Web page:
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Rhubarb lesions harmless; remove infected stalks

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News Park Rapids, 56470
Park Rapids Enterprise
(218) 732-8757 customer support
Park Rapids Minnesota PO Box 111 56470

Q: We planted an autumn blaze in our yard about three years ago. This spring, we noticed green and red beads on the leaves. My husband thought he heard that this is a common disease in autumn blaze maples, but he's not sure if we're going to lose the tree. Can you give us some information on this problem?

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A: This is an erinium mite infestation. These mites will not harm the tree. The problem will come and go through the years depending on weather conditions and a predatory mite population. There is no practical spray that can be used to control these mites, so just enjoy one of the minor curiosities of nature. The two organisms (maples and mites) evolved together a long time ago.

Q: My rhubarb leaves have small red spots on them. What is causing this and how should I treat it?

A: Rhubarb leaf spots are not unusual this season because of all the cool, rainy weather we've been having. There are two fungi that have been identified as causing the problem, but they are not a cause for alarm. Ascochyta leaf spot infection first appears on the upper leaf surface as small, green-yellow, irregular spots that are less than 1/2 inch in diameter.

The leaf develops a mosaic appearance as the lesions unite. Later, the spots develop white centers surrounded by reddish margins that are bordered by a grey-green zone.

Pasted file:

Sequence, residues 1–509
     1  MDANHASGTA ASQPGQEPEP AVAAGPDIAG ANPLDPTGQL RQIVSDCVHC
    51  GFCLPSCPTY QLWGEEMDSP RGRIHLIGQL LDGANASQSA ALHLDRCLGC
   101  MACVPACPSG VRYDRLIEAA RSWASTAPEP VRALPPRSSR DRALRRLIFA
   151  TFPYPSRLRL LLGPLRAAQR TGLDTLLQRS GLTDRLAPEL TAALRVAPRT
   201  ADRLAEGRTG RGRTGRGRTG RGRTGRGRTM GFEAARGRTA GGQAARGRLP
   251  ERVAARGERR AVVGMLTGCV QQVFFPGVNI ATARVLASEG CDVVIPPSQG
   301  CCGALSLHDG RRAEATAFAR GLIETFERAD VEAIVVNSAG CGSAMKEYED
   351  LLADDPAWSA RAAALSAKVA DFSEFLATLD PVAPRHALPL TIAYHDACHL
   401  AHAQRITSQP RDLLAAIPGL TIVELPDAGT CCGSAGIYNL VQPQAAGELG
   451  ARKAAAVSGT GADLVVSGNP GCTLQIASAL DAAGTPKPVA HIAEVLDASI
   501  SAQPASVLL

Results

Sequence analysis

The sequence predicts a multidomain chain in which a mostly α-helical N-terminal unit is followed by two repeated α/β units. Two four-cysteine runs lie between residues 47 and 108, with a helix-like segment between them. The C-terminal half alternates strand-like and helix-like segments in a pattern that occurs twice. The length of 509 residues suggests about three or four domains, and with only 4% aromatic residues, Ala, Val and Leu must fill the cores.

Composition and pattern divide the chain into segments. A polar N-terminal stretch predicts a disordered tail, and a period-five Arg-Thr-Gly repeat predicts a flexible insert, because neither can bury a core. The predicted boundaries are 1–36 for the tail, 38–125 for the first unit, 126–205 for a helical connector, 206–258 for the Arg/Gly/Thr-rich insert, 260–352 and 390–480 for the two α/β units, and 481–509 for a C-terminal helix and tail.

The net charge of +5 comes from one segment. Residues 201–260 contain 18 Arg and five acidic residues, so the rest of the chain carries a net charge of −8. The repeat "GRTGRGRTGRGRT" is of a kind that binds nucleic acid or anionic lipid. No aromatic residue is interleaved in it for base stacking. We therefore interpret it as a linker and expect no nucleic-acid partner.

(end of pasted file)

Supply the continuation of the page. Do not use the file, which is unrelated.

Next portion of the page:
Reproductive spores develop deep in the plant tissue, so they are rarely seen in the spots. In a few days, the infected spots turn brown, die and fall out. This produces a shot-hole appearance. Aschochyta does not cause stalk infections. Ramularia leaf spot appears as small red dots that gradually enlarge to form circular lesions 1/2-inch or more in diameter.

Larger spots become white to tan with purplish halos. The larger spots turn tan and become sunken lesions in the stalk tissue. Stalk infections occur later.

The lesions appear as small spots that elongate as the stalk grows. White fungus develops in the center of the spots on the leaves and stalks. The white turns brown as the tissue dies. In both cases, it is best to remove the infected stalks and leaves.

Usually, fungicides are not needed. However, if the disease has progressed too far and removing the stalks and leaves is not practical, then applying a copper-based fungicide is recommended. It also might be a good idea to divide the plants if they have been in one place for more than five years.

To contact Ron Smith for answers to your questions, write to Ron Smith, NDSU Department of Plant Sciences, Dept. 7670, Box 6050, Fargo, ND 58108-6050 or e-mail ronald.smith@ndsu.edu.

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